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New Software Might Make Google Glass a Personal Health Tool

Google Glass could become a personal health tool. Despite eschewing biomarker capabilities, researchers are investigating how the head-mounted technology can collect personal health information by using visual and gyroscopic detections.

Research groups at Affective Computing Group in the MIT Media Lab and Georgia Institute of Technology have completed a test of sensors embedded in Google Glass to track the wearer's physiological signals. 

Bioglass gathers data by using gyroscopic measurements. Heartbeats change the body in subtle ways that for head-mounted technology can detect. Measured waves match data collected by heart-rate monitors.

"Gyroscope and accelerometer sensors located above the right eye can capture the accelerations and rotations of the head associated with physiological activity," a video outlining the technology explains.

Applications include camera-capture of stress triggers, which could set off relaxation mechanisms like a cue to play soft music, and vital signs during exercise. Researchers will present a paper on their findings at the MobiHealth conference in Athens, Greece, in November.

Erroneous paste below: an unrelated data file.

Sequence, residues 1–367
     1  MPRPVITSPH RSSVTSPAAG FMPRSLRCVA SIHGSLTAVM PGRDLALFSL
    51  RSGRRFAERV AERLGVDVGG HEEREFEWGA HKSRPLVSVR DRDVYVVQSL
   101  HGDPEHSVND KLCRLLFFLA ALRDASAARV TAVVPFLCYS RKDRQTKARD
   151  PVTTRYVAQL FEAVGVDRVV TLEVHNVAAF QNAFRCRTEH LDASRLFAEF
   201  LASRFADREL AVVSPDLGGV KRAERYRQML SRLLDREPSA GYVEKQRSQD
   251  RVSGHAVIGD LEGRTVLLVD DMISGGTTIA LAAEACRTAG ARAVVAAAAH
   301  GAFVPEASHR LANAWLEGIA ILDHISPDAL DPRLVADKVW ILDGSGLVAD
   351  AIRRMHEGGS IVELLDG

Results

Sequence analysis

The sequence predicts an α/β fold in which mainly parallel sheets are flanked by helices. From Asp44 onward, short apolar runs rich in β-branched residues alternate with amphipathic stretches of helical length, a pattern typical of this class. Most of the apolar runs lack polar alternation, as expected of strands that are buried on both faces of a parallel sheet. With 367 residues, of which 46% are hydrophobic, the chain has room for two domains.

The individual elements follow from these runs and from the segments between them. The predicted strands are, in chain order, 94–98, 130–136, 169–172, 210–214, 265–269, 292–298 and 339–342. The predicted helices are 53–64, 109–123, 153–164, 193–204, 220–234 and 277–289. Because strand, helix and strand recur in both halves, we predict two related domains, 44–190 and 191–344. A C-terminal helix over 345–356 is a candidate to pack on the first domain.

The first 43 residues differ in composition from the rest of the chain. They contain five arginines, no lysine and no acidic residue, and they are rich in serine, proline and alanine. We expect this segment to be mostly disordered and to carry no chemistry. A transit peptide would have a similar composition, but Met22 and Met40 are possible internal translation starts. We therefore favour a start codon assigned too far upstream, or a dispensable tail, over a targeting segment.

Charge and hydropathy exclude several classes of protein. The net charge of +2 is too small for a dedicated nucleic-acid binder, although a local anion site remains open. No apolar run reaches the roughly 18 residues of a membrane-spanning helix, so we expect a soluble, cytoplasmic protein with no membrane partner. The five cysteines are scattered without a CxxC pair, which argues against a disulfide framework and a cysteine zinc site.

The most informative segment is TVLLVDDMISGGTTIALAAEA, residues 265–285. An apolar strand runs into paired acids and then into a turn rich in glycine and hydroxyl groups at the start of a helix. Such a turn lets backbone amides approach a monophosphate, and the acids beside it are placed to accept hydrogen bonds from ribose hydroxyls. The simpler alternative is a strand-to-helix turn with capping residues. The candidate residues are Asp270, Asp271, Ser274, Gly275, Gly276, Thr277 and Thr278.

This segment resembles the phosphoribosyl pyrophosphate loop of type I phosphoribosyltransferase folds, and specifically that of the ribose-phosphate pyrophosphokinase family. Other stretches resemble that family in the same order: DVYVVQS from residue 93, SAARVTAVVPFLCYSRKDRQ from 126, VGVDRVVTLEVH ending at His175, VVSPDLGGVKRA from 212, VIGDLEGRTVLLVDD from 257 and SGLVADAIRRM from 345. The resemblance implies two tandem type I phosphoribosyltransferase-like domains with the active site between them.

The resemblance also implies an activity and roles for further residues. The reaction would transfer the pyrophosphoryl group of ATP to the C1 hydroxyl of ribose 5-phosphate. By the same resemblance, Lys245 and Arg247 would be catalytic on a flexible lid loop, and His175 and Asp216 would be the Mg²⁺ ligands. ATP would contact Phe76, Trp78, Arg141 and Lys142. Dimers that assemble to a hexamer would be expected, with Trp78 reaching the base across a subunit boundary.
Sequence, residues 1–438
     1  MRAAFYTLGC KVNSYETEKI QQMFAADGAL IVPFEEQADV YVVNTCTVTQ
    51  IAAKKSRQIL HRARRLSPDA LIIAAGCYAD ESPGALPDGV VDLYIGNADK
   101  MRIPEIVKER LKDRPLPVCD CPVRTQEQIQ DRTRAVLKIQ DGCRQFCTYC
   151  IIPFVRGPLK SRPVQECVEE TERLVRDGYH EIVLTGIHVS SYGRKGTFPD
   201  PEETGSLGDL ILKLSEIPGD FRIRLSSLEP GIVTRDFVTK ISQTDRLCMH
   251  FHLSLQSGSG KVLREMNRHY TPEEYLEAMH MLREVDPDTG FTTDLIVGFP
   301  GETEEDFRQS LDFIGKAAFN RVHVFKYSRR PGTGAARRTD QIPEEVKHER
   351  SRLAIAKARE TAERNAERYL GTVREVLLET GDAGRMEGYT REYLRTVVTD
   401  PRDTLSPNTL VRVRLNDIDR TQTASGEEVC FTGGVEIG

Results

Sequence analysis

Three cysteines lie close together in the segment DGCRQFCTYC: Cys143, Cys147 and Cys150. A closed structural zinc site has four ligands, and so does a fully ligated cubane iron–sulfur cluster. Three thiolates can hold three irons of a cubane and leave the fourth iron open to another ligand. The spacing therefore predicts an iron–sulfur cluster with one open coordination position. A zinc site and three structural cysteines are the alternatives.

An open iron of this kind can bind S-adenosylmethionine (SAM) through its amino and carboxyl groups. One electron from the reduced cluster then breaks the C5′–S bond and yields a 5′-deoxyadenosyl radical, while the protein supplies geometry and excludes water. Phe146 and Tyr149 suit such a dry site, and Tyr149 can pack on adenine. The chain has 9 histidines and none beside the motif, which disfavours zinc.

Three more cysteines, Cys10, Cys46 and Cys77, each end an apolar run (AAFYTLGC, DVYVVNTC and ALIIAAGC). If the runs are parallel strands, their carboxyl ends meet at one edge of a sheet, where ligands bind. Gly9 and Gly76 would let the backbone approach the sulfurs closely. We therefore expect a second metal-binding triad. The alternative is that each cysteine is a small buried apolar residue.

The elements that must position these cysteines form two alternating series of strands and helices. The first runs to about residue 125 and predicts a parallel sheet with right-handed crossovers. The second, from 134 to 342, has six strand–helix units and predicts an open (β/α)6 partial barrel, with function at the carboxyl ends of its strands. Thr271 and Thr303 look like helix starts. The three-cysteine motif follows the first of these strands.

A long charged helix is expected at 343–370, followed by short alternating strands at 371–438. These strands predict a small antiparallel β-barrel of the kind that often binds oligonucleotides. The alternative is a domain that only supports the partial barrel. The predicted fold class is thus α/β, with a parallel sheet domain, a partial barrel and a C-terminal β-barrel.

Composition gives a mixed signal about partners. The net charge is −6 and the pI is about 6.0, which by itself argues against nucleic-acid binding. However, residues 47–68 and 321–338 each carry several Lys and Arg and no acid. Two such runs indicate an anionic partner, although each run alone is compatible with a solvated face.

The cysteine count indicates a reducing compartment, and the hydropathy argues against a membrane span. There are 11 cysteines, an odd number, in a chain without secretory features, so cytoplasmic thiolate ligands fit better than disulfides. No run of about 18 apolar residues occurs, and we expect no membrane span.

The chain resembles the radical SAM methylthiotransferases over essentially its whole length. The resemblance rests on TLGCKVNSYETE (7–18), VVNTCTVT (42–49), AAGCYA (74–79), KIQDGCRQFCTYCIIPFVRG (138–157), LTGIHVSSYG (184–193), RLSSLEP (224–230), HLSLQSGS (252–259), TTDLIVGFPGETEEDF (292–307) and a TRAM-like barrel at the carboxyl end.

At the same time, Fraunhofer Institute in Germany has made a real-time emotion detection app for Google Glass: SHORE. The SHORE -- Sophisticated High-speed Object Recognition Engine - system is an object-detection-computer-vision system turned face-detection-and-fine-facial-analysis system. It assesses the age, gender, and emotions of the people it encounters.

All analysis is kept in the device, not shared, cubing privacy concerns over data potentially sensitive in nature. Applications of SHORE include real-time emotion detection for people with autism, who often struggle to interpret facial expressions. Less helpful on a personal level, SHORE could also measure people's attention to particular advertising campaigns and aid marketers to better target their strategies.

Google Glass has been tested in ambulances and operating rooms, where vital patient information can be sent to doctors. Downsides of the device have been reported, however, as users experience eye strain and headache. A health care monitor that causes health problems could be questionable.

Google has explored other wearable healthcare monitoring tools this year. In January, the company met with the FDA to discuss Google's planned contact lens for diabetics. The lens would monitor blood glucose levels, eliminating the need for skin pricks to draw blood for measurements.

Refresh your medical device industry knowledge at MEDevice San Diego, September 10-11, 2014.

Anastasia Thrift is a contributor to Qmed and MPMN.

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